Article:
If you use the context object, consider making "standard" value names or even defining string constants that can be referenced by developers so that they don't have make typos when trying to add their context:

//Context value names
public static class DiagnosticContextValueNames
  public static string TransactionId = "transactionid";
  public static string SessionId = "sessionid";

//In your code
log4net.ThreadContext.Properties[DiagnosticContextValueNames.TransactionId] = GetTransactionId();
log4net.ThreadContext.Properties[DiagnosticContextValueNames.SessionId] = GetSessionId();

//Somewhere later on...
logger.Info("hello");  // this message can be tagged with the transaction id and session id if you use the appropriate formatting options

You might even consider extension methods on GlobalContext.Properties, ThreadContext.Properties, etc, to help guide developers to setting the context values correctly:

public static class LoggingExtensions
  public static void SetTransactionId(this ThreadContextProperties props, string trans)
    props["TransactionId"] = trans;

    // Or, using constants as defined above...
    props[ThreadContextValueNames.TransactionId] = trans;

// In your code...

// As compared to this:
log4net.ThreadContext.Properties["transactionid"] = GetTransactionId();

If you wrap or inherit from the log4net logger, you can add some context information automatically, thus relieving your developers of that burden. There is a right way to wrap or inherit the log4net logger, but it is not rocket science. The key is to pass log4net the type of your wrapped logger. cfeduke's answer in this post gives one way to wrap a log4net logger.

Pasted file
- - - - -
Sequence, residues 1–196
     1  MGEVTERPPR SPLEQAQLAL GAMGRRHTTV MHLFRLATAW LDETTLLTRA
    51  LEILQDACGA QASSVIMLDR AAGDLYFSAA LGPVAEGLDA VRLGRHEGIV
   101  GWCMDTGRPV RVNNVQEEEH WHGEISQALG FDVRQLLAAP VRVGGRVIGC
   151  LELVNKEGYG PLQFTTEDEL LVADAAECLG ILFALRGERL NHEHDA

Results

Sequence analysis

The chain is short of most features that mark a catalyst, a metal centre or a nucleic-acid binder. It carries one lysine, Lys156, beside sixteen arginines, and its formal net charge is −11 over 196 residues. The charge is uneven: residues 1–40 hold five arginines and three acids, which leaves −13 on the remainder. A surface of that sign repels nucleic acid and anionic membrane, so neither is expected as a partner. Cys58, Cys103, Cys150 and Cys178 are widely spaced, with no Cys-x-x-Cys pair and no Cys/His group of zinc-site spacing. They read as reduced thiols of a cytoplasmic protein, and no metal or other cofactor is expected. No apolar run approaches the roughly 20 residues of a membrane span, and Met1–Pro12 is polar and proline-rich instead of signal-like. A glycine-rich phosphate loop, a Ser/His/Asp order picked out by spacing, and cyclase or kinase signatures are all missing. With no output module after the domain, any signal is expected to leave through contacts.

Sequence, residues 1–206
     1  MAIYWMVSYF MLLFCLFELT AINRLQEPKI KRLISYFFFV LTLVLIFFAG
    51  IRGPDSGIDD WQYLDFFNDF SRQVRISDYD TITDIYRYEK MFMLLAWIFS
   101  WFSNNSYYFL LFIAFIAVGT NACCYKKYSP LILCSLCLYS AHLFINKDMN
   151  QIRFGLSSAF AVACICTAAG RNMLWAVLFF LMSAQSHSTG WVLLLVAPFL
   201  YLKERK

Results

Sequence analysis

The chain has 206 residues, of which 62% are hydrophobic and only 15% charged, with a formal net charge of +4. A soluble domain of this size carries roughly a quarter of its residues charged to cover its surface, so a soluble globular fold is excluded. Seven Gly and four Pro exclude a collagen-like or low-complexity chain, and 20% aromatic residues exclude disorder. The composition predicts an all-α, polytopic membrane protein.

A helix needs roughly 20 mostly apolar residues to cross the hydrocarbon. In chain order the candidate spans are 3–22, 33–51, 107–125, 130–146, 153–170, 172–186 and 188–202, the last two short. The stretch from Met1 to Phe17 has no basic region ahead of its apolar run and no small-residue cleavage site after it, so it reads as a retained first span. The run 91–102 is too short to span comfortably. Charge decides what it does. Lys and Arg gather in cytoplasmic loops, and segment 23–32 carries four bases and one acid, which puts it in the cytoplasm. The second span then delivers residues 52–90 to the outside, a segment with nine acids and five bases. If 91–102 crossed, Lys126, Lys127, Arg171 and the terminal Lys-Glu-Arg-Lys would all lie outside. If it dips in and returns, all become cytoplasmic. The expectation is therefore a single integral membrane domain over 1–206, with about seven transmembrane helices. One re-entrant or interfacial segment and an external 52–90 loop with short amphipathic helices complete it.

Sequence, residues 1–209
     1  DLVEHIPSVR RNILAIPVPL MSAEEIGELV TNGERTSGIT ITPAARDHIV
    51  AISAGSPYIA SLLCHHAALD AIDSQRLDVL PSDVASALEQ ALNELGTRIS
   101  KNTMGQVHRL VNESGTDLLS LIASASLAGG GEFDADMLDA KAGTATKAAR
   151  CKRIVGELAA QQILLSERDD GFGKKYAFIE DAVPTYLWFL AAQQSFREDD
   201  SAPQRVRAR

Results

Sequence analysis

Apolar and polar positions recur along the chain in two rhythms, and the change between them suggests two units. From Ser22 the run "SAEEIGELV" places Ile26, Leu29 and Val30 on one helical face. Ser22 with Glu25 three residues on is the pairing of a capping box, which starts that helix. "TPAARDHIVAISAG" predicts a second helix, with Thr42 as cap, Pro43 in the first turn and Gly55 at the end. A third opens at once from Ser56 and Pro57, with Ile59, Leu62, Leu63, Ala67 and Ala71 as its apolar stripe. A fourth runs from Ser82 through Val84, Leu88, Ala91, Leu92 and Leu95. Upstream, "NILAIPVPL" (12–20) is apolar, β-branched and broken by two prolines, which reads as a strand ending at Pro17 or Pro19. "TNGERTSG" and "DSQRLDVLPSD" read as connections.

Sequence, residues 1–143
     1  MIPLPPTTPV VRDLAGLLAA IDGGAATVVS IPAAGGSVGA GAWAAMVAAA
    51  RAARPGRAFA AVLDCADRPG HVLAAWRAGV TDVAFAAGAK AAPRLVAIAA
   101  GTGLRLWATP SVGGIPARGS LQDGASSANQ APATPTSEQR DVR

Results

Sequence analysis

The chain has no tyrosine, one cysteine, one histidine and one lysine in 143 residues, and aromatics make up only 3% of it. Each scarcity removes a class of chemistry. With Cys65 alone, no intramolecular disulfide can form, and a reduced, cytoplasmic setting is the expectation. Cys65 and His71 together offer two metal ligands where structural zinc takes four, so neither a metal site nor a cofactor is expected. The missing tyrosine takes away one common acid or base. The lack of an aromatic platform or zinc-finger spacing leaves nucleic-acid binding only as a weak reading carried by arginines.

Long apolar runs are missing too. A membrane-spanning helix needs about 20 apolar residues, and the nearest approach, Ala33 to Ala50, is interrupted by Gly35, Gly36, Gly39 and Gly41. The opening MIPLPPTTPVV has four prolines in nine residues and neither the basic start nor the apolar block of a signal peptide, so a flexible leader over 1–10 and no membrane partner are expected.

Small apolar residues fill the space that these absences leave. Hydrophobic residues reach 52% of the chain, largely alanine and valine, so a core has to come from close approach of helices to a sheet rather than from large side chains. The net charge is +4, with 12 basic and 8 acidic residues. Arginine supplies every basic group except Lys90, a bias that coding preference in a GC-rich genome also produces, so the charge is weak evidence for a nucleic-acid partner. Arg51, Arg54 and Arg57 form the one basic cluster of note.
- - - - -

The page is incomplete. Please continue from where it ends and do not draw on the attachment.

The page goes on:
You could follow his example, but implement all logging calls in terms of the "ILogger.Log" method. Inside of "Log" you can add the properties that you want for all of your log messages:

// This approach requires more effort than simply populating the context properties "normally", and
// is probably overkill for most situations.  However, it can prove useful if you are able
// to have access to the context information that you want to log from within the Log method
// of the logger.
public void Log(type loggerBoundaryDeclaringType, LogLevel level, object message, object exception)
  log4net.ThreadContext.Properties["transactionid"] = GetTransactionId();
  log4net.ThreadContext.Properties["sessionid"] = GetSessionId();
  _logger.Log(loggerBoundaryDeclaringType, level, message, exception);

As far as other logging platforms, you might take a look at NLog. A new version has been released as a Beta release recently. It has many capabilities that are similar to log4net.

You might also consider good old System.Diagnostics.TraceSource. If you go this route, look into Ukadc.Diagnostics over at codeplex. This is an addon library for System.Diagnostics that provides a rich message formatting capability (similar to what you can do with log4net and NLog). One good thing about Ukadc.Diagnostics is that it is a configuration-only dependency. You do not have to take a source or reference dependency to use it.

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> ... we're using log4Net. Do you have any suggestion on alternative library? 

You can use common.logging ( http://netcommon.sourceforge.net) that is a tiny logging-wrapper that works together with

  • log4net
  • nlog
  • Enterprise Library Logging

It makes logging configuration a bit more complicated since you have to configure what logging engine to use and you have to configure the logging engine as well.

Its logging api is inspired by the log4net-api